I post this here only for information, not for self promotion. we have conducted follow-up studies, at Pfizer's request, on the potential usefulness of combining bazedoxifene with palbociclib, the venue in which Pfizer chose to develop bazedoxifene for breast cancer treatment. You might recognize palbociclib as being one of the drugs combined with letrozole in the Paloma trials that led to the FDA to fast-track palbociclib for breast cancer treatment. This research was a team effort combining resources here at Duke and also at Washington University in St. Louis. The results are really exciting. While both bazedoxifene and palbociclib alone were very effective in tumor models (studies done in animals) representing breast cancers resistant to tamoxifen or derived from patient tumors that had progressed during multiple endocrine therapies, the combination of these two drugs was really quite powerful. Based upon these results, Pfizer has opened a clinical trial of this combination therapy.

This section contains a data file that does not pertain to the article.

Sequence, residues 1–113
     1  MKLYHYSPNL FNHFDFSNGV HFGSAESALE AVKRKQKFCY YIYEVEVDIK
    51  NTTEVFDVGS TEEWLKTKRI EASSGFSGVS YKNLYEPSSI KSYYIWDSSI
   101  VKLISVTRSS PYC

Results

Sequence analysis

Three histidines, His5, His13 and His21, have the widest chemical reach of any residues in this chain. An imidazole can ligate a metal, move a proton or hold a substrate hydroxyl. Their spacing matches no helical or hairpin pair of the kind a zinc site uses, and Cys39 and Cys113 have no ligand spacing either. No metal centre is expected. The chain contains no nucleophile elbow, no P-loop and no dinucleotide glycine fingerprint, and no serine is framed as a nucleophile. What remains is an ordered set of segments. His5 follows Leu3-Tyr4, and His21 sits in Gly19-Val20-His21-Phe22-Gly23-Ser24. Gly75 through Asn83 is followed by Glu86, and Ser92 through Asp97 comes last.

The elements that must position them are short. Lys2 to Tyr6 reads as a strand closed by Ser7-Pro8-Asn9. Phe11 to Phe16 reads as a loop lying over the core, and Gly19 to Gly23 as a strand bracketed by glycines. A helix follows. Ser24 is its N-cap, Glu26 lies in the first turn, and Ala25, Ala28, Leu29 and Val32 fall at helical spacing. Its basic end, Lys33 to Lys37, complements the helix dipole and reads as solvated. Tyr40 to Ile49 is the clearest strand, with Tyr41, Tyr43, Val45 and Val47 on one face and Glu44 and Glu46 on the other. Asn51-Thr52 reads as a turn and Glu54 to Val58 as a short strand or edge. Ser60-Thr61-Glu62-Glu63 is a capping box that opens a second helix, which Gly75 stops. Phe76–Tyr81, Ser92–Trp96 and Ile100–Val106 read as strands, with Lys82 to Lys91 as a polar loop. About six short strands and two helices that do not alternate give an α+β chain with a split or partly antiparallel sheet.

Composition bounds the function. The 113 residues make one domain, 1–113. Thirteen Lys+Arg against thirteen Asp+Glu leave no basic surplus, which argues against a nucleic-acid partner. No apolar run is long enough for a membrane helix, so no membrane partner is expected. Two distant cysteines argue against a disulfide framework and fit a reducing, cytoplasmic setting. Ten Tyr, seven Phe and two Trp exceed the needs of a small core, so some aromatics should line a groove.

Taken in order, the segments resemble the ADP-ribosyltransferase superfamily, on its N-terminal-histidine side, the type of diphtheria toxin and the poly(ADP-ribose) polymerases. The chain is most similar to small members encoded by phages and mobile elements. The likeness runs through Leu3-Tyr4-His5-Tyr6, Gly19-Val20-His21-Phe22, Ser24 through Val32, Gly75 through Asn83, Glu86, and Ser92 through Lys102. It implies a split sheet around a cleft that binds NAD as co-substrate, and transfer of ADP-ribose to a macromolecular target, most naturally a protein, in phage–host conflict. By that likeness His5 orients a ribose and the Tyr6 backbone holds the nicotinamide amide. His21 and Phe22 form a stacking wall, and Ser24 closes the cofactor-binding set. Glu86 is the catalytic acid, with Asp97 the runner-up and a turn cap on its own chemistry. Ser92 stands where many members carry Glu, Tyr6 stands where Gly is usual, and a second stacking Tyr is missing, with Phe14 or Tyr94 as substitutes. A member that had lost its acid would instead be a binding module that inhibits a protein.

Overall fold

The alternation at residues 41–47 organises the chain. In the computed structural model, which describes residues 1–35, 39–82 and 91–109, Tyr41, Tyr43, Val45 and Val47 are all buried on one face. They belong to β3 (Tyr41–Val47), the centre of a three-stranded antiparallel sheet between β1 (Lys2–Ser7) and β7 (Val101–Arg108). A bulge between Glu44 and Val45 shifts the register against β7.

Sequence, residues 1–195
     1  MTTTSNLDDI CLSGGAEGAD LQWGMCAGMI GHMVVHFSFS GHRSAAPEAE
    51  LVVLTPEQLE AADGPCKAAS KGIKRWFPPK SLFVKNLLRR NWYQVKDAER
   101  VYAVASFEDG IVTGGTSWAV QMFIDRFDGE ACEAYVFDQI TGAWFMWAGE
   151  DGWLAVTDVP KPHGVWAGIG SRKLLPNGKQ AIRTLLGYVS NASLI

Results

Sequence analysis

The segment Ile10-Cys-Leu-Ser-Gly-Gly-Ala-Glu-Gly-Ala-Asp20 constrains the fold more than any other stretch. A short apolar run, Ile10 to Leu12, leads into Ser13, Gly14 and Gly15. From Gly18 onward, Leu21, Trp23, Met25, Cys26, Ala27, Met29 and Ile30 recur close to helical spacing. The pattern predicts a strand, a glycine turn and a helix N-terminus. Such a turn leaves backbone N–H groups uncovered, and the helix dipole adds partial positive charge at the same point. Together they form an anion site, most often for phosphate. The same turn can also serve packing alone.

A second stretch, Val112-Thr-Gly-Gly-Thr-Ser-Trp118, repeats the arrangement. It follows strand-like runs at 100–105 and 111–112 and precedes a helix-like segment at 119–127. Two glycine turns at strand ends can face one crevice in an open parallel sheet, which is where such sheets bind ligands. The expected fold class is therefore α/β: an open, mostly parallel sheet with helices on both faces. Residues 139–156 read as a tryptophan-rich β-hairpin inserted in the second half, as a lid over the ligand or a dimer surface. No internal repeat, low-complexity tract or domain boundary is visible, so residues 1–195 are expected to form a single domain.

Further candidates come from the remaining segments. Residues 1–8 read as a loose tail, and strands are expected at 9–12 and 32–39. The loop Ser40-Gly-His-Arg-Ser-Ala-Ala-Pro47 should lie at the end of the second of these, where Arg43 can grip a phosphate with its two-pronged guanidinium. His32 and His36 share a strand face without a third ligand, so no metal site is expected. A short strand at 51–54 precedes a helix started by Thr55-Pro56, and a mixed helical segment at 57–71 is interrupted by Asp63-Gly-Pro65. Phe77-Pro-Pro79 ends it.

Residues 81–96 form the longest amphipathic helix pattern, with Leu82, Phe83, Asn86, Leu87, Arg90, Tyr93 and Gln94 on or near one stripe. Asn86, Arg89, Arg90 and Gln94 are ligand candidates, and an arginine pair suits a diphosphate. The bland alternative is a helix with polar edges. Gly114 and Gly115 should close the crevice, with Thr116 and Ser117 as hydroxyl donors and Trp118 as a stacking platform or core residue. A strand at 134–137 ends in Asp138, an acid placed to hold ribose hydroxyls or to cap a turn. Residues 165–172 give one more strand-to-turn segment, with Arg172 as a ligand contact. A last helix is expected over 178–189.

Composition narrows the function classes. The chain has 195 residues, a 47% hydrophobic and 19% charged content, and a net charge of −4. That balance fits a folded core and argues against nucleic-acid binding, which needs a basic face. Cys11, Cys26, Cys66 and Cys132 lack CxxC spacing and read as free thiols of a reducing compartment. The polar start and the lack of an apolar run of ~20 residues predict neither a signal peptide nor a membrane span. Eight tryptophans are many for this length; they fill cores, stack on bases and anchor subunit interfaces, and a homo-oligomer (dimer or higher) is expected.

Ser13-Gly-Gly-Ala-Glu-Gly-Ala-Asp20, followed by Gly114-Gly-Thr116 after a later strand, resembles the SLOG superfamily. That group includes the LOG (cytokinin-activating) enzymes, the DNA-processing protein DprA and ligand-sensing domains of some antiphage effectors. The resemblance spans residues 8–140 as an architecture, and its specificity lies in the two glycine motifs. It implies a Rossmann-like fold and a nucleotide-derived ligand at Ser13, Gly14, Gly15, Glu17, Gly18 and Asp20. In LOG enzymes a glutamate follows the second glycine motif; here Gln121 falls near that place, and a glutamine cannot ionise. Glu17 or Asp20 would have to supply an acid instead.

Obviously, there are inclusion/exclusion criteria. Among them are that patients will have progressed during one or more endocrine therapy (ie tamoxifen, faslodex or aromatase inhibitor), and that patients will not have previously taken either bazedoxifene or palbociclib alone.
One of the posters here asked whether the petition had done any good. Without the interest shown to Pfizer with all of your calls, letters, requests for compassionate use, and the petition, I really don't honestly know whether this drug would have gotten this far. You are a very passionate and powerful community, and I would really feel honored if some of the work that we have done can directly benefit any of you.
Best of luck to all.
May 20, 2015 11:36AM MusicLover wrote:
Although I am not a candidate this sounds amazing and I am so thankful that you have updated us with this information! I hope that this will help many, many women.